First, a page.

On the banks of the Sumili river lies the quaint village of Bairagipara in the West Tripura district. As this river – the lifeline for the 50-odd agriculture families in the village – swells during the monsoons, Bairagipara is frequently cut off from the rest of humanity.

Hanna Debbarma, a tribal farmer belonging to the Tripuri community, says, “Despite being 30 kilometers from the capital city, it feels like 3,000 kilometers during the monsoons. For us women, it feels even more. A bridge is much needed here.”

Ironically, be it sunshine or rain, vegetable traders from far away manage to reach the area beyond the Sumili river.

Hanna Debbarma continues, “We grow paddy and historically have collected wild vegetables from the forest. The concept of growing vegetables commercially is fairly new to this place.”

Families grew vegetables for self-consumption and only during the Rabi season. When SeSTA started work in this village, it provided an opportune space for interventions, taking into consideration the relative isolation of the place, the prospects of diversifying livelihoods and addressing the nutrition need of the community.

The concept of organic farming through a nutrition garden model was introduced to the women farmers in this village. Hanna was the first farmer in the village to take the plunge.

“The finest aspect of an organic nutrition garden is that we largely use the resources available around us for growing diverse vegetables. This is very different from the way we grow rice where we use so many chemical inputs. Nutrition garden ensures that our families eat healthy vegetables.”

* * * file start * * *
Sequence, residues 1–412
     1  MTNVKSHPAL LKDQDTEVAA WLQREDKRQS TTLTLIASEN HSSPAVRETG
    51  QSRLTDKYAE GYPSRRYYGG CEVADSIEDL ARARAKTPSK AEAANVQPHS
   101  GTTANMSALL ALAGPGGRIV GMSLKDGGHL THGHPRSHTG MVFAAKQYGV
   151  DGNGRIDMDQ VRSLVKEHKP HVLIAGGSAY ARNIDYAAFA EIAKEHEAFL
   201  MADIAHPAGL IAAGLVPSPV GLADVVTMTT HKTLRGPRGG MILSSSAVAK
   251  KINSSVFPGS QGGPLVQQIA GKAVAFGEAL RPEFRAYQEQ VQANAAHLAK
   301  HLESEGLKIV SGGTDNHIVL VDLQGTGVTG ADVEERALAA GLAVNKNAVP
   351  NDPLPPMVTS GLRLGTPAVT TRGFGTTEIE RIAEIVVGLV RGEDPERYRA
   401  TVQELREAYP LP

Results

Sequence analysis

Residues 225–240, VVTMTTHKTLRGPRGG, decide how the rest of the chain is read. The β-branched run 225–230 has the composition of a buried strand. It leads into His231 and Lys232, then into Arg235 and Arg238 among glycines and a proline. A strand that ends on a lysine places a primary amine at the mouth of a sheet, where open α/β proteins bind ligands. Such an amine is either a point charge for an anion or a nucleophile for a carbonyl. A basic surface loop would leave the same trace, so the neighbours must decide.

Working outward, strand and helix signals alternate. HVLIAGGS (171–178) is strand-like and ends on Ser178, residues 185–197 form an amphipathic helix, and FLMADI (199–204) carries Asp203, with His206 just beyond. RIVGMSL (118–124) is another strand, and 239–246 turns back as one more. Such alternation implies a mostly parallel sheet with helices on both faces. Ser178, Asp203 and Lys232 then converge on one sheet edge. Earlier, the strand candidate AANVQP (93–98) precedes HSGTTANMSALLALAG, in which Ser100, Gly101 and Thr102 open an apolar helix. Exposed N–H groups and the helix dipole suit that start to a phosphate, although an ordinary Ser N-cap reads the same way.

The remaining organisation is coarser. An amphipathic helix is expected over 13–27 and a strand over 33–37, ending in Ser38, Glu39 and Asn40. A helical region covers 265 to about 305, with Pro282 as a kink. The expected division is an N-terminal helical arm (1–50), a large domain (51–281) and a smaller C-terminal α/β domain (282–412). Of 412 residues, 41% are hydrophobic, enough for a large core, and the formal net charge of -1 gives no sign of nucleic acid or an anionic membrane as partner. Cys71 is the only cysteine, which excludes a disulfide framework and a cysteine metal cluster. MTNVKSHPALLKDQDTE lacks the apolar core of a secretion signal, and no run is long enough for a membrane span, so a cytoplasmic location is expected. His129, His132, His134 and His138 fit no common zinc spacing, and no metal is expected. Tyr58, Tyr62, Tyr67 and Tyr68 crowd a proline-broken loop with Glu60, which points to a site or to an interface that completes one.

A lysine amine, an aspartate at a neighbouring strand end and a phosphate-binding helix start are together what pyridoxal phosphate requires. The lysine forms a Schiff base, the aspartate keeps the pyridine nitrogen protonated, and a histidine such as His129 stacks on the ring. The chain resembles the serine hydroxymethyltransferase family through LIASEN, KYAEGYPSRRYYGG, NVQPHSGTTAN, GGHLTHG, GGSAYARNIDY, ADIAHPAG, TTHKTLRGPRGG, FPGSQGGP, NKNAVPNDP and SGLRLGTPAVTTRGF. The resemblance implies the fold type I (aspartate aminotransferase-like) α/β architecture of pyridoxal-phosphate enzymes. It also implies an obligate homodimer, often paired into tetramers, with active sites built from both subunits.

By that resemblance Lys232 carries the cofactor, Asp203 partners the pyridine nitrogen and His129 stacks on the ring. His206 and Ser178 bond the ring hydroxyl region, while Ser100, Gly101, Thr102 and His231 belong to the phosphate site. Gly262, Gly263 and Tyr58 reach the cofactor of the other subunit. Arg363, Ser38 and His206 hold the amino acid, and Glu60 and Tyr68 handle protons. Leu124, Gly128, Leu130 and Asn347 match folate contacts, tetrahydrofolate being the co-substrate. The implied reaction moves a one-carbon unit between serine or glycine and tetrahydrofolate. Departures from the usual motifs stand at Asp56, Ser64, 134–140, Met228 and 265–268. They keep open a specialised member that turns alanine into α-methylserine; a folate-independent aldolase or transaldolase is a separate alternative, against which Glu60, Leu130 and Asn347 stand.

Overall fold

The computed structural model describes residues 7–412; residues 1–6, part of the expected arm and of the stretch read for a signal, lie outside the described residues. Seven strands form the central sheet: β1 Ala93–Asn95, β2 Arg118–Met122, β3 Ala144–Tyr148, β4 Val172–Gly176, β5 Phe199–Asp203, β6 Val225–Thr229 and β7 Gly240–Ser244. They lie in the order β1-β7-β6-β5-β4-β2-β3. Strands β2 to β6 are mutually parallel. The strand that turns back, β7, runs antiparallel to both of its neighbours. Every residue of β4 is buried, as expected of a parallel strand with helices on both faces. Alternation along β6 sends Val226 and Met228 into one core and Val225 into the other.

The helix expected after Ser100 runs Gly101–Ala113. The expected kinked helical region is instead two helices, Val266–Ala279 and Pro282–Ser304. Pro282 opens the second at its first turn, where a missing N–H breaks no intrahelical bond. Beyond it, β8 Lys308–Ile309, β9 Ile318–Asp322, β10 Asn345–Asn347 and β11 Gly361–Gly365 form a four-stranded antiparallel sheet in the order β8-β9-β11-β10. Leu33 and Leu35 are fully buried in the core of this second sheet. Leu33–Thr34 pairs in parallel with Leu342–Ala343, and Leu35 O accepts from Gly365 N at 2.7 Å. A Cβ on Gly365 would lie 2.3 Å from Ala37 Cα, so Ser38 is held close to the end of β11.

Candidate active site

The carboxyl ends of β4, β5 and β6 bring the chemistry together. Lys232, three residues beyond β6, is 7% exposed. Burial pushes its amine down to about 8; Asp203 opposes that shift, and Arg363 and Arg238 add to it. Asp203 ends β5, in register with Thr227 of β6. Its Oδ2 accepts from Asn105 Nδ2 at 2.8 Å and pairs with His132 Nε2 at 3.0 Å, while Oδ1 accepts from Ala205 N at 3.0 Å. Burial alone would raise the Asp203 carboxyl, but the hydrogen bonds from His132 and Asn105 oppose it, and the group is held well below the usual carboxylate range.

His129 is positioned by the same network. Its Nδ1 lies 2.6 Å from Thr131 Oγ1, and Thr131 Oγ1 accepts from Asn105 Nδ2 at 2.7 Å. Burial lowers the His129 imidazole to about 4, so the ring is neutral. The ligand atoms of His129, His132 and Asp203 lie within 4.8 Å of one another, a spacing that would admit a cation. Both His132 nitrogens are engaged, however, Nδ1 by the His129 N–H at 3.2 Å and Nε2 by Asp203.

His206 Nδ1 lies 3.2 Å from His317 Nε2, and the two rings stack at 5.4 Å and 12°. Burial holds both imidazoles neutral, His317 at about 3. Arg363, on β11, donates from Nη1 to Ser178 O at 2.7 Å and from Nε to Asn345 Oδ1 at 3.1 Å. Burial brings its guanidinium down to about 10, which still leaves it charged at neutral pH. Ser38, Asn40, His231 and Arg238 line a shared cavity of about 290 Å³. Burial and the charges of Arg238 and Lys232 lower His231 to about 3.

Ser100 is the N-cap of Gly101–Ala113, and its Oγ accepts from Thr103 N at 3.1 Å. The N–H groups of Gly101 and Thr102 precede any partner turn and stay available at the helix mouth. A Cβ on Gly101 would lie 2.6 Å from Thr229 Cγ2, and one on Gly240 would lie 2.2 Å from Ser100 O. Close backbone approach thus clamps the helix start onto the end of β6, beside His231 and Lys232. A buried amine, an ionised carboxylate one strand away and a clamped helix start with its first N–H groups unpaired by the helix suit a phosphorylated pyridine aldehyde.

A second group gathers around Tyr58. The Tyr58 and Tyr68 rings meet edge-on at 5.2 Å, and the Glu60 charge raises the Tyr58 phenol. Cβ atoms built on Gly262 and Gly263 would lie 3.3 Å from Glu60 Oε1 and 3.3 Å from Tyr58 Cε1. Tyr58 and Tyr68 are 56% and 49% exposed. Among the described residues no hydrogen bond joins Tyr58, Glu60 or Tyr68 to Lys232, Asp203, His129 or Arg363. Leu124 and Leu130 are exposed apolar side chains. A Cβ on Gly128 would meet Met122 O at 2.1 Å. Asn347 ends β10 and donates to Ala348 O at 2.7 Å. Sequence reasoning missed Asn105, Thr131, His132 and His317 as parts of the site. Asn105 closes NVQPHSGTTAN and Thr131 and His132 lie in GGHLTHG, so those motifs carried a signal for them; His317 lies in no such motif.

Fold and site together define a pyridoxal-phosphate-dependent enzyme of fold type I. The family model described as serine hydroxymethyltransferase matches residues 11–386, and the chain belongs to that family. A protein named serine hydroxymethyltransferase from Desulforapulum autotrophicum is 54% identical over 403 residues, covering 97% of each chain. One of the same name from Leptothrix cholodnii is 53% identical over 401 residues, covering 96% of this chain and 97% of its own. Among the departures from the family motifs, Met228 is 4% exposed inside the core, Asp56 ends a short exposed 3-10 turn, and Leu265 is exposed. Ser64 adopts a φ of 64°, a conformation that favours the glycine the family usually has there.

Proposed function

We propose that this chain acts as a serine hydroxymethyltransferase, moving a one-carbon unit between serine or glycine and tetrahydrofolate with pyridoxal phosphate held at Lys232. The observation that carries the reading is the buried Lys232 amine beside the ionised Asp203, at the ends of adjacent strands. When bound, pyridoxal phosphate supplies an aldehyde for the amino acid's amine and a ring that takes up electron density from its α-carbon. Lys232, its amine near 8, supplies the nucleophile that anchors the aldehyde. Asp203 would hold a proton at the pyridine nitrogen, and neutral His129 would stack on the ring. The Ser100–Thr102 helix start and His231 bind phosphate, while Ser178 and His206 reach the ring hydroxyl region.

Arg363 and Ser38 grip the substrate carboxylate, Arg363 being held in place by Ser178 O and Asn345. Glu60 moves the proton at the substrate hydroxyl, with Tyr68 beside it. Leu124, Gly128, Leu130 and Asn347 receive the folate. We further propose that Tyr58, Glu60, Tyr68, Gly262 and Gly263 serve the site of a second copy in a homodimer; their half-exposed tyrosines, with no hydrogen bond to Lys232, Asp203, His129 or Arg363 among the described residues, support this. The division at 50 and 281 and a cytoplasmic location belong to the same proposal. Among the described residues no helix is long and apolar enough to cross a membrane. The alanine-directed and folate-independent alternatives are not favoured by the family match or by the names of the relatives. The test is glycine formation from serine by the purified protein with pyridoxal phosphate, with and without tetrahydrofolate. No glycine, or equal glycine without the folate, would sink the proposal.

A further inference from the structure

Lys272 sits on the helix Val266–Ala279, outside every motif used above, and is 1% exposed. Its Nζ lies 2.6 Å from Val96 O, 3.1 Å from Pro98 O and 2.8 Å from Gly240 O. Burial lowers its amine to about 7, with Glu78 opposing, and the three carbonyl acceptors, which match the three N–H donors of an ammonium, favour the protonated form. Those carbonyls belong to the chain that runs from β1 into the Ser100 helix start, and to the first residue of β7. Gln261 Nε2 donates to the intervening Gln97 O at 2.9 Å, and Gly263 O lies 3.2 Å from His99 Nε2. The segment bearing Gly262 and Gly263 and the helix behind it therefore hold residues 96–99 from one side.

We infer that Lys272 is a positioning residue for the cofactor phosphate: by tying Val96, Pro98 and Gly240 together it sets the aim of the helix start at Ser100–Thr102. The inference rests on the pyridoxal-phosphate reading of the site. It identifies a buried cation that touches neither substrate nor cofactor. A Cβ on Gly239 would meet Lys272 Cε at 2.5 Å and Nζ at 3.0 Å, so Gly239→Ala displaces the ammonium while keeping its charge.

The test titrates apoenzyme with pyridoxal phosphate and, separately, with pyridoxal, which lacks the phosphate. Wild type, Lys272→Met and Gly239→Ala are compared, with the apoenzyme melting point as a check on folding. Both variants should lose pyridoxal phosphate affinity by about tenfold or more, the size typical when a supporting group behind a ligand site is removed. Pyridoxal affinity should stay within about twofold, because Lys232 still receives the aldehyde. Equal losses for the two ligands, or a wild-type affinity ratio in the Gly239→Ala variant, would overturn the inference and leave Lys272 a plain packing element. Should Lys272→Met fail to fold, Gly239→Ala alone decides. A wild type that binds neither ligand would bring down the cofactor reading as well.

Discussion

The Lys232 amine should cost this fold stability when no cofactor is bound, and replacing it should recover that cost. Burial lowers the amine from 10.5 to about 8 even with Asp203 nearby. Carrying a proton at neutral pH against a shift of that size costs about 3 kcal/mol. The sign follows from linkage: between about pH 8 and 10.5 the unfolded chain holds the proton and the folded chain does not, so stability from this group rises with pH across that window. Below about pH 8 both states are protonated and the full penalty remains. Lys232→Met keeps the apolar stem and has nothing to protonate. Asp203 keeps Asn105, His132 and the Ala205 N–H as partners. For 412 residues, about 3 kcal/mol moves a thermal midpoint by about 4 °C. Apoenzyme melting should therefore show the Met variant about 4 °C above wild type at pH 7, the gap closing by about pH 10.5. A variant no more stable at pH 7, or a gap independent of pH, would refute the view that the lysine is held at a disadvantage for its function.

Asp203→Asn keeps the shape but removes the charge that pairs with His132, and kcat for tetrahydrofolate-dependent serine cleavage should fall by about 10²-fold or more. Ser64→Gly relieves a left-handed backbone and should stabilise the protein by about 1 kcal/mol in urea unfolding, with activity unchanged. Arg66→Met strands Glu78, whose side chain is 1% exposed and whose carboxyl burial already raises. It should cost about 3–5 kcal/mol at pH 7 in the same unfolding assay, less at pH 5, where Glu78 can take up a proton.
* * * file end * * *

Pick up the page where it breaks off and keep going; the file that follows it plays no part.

Hanna has also started making Rs 9,000 every month by selling vegetables in the market.

She beams, “My vegetables are in high demand in the market. Imagine the change if all the families in the village start growing organic vegetables. We might have difficulty in crossing the Sumili river but our vegetables will definitely cross, be it monsoons or any other season.”

To this end, Hanna has been working to convert the entire village to adopt organic practices. As a Community Resource Person (CRP), she has been at the forefront of training women on organic nutrition gardens. The manifestation of this effort is evident: from a mere two families in the year 2020, today 23 families have invested in nutrition gardens. Women farmers are now regularly trading in organic vegetables in different markets.

Even the use of inorganic inputs in paddy has come down significantly as farming families recognize the benefit of a gradual shift to more sustainable methods.

She says, “My ultimate goal was to make my village an organic village. I give woman farmers three reasons to espouse organic nutrition gardens: restoration of soil quality, availability of healthy food and extra income. People start with vegetables and then gradually move to paddy.”

Farmers from other villages regularly visit her nutrition garden patch to learn about organic farming practices.

“There is so much potential in our village. If Sikkim can become an organic state, why can’t we?”

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She plans to open a kindergarten for the children of her village, with the support of other SHG members, where they will be also taught about healthy food and diet. Hanna and her group want to aggregate all their organic produce and sell them at optimum prices in the capital city of Agartala.

As woman farmers in this village adopt and scale to a more sustainable form of farming, they will spread their wings and reach markets beyond their periphery. Even the lack of a bridge over the Simili river will not be an impediment!

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